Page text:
Without a doubt, one of the most common technology questions we are asked regarding these data storage metrics, such as terabytes, gigabytes, petabytes, megabytes, etc. You've probably heard of these terms before, but do you know what they mean?

How many gigabytes are there in a terabyte? What does one terabyte mean in the real world? These are all things you need to know before buying a hard drive or memory card, choosing a tablet based on the memory it has, etc.

Fortunately, as confusing as it may seem at first glance, all of these units of measurement are easily convertible from each other and are simple concepts to understand thanks to the examples we have provided below. Let's start with the basics.

**Read also:** Megabit vs megabyte: what's the difference?

## Terabyte, Gigabyte, and Petabyte: Which is Larger?

Right away, knowing which is bigger and which is smaller, as well as the abbreviations that represent these numbers, is probably the most useful thing to get started.

All of these computer technology storage units are based on the byte, which is the amount of memory required to store a single character of text:

- Un
**exabyte**(EB) is larger than a ... **petabyte**(PB), which is larger than a ...**terabyte**(TB), which is larger than a ...**gigabyte**(GB), which is larger than a ...**megabyte**(MB), which is larger than a ...**kilobyte**(KB), which is larger than a ...**byte**(B)

Less useful in the real world is the **bit** more **small** (there are 8 bits in 1 byte) and the largest **zettabytes** e **yottabyte**, among others.

Byte is the unit of measure commonly used to describe storage capacity, but there is also the bit that many Internet Service Providers (ISPs) use to describe the speed at which data can be downloaded or uploaded. It is important to understand the differences between bits and bytes so as not to get confused.

To convert from one unit to another, you just need to know that for each level you go up, you multiply by 1.024. Don't worry if you feel confused - there are enough examples below, you will understand how to do the calculation in the blink of an eye. The table at the bottom of this article is also helpful.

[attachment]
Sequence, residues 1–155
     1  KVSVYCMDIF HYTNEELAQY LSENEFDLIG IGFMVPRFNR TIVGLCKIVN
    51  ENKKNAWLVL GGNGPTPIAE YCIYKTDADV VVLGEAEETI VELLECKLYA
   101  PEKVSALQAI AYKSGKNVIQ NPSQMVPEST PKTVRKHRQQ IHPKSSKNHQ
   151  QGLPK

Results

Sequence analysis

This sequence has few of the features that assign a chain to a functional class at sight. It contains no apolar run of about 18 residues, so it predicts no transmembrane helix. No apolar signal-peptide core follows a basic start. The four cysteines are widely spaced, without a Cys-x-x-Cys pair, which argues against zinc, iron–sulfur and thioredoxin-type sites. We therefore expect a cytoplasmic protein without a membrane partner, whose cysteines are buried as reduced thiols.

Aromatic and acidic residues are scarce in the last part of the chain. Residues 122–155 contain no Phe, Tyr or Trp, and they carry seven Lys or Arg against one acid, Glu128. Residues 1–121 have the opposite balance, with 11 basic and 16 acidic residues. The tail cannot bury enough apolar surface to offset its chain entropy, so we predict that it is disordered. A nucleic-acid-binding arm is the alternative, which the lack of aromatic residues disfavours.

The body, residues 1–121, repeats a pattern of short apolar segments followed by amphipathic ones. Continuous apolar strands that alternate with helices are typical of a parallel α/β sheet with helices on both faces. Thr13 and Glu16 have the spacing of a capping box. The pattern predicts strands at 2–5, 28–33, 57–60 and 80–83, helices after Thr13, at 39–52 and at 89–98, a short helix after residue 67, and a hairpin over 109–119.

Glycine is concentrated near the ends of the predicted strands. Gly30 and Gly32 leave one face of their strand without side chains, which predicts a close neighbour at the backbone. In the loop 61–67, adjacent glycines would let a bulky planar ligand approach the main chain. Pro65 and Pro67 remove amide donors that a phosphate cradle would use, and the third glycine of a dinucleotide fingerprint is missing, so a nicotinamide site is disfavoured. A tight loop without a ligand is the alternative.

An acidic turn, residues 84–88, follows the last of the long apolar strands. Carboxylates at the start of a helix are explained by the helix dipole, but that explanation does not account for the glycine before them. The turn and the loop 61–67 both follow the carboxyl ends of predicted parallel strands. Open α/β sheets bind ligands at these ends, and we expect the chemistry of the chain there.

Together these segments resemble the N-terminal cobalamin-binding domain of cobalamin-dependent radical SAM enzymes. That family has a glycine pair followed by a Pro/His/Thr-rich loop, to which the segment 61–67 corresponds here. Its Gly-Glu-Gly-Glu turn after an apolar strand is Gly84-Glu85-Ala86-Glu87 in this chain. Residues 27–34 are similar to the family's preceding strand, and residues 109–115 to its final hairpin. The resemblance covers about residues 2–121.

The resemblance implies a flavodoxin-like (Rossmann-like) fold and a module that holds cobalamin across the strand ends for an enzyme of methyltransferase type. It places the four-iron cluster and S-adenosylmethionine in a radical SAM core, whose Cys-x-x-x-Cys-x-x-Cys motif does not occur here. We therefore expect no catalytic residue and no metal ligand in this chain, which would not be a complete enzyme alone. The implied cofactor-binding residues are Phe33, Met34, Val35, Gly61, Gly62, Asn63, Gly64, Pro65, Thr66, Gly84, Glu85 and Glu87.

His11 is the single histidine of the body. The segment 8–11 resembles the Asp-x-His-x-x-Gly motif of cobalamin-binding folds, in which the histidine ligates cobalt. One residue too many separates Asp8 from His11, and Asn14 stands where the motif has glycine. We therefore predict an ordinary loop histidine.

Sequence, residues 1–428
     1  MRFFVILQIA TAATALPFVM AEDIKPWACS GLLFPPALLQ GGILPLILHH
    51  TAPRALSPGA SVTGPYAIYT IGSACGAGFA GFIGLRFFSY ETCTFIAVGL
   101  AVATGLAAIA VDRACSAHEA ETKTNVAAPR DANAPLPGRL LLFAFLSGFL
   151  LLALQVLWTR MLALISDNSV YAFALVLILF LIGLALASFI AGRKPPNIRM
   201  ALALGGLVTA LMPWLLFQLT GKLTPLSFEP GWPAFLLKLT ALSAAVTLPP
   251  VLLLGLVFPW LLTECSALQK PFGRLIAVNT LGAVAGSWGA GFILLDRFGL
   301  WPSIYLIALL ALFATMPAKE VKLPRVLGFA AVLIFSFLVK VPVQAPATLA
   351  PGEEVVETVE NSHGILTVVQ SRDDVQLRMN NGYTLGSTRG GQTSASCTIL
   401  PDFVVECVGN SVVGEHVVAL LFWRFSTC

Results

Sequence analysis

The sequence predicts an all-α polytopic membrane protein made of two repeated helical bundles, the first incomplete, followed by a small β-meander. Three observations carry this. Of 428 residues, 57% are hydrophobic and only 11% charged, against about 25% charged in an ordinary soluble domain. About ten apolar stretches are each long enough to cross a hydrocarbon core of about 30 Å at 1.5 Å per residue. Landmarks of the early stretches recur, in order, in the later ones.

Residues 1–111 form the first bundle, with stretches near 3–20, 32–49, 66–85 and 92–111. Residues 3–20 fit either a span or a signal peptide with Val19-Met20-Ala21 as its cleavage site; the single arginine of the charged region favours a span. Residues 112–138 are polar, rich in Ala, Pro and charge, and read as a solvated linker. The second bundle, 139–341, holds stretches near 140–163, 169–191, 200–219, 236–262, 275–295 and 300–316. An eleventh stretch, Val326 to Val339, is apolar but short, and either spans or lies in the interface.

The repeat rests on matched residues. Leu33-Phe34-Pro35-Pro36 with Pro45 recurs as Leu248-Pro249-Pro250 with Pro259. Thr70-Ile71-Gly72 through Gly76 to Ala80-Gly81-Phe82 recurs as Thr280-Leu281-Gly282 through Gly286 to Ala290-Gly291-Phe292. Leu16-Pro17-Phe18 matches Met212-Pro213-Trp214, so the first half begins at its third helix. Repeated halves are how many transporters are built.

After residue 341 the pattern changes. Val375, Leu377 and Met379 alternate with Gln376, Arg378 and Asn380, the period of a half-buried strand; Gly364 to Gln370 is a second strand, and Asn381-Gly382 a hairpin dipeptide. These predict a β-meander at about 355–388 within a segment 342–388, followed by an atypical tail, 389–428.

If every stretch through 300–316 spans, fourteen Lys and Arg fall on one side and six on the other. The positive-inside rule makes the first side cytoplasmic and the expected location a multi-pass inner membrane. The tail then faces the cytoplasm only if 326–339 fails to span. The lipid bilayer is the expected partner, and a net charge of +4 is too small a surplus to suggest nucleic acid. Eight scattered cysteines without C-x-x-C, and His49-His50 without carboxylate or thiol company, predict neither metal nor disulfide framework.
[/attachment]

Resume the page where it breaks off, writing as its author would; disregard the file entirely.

You will see many sources online saying that each new level is 1.000 times greater than the smallest, not 1.024. While this is true in some cases, in practical terms, considering how computers use storage devices, 1.024 is the most realistic multiplier to do the calculations with. Now let's move on to the more practical things ...

## How much Gigabyte (GB) in a Terabyte (TB)?

There are 1.024 GB in 1 TB.

**1 TB = 1.024 GB = 1.048.576 MB = 1.073.741.824 KB = 1.099.511.627.776 B**

Let's explain it another way… A TB is 1.024 times bigger than a GB. To convert TB to GB, just take the TB number and multiply by 1.024 to get the number of GB. To convert GB to TB, just take the GB number and divide it by 1.024.

## Quanti megabytes (MB) in one gigabytes (GB)?

There are 1.024 MB in 1 GB.

**1 GB = 1.024 MB = 1.048.576 KB = 1.073.741.824 B**

As in the previous example, a GB is 1.024 times larger than a MB. To convert GB to MB, take the GB number and multiply it by 1.024 to get the number of MB. To convert MB to GB, take the MB number and divide it by 1.024. Megabytes and megabits are different units of measurement.

## How big is a terabyte?

Terabyte (TB) is the most common unit used to measure hard drive size and a number that you may actually encounter from time to time.

A single TB is a lot of space. It will take **728.177 floppy disk** o **1.498 ****discs ****CD-ROM** to store only 1 TB of information.

- As of 2018, most of the new affordable computer hard drives are
**between 1 and 3 TB**. - Many ISPs restrict
**1TB monthly data usage**. - The Hubble Space Telescope generates approx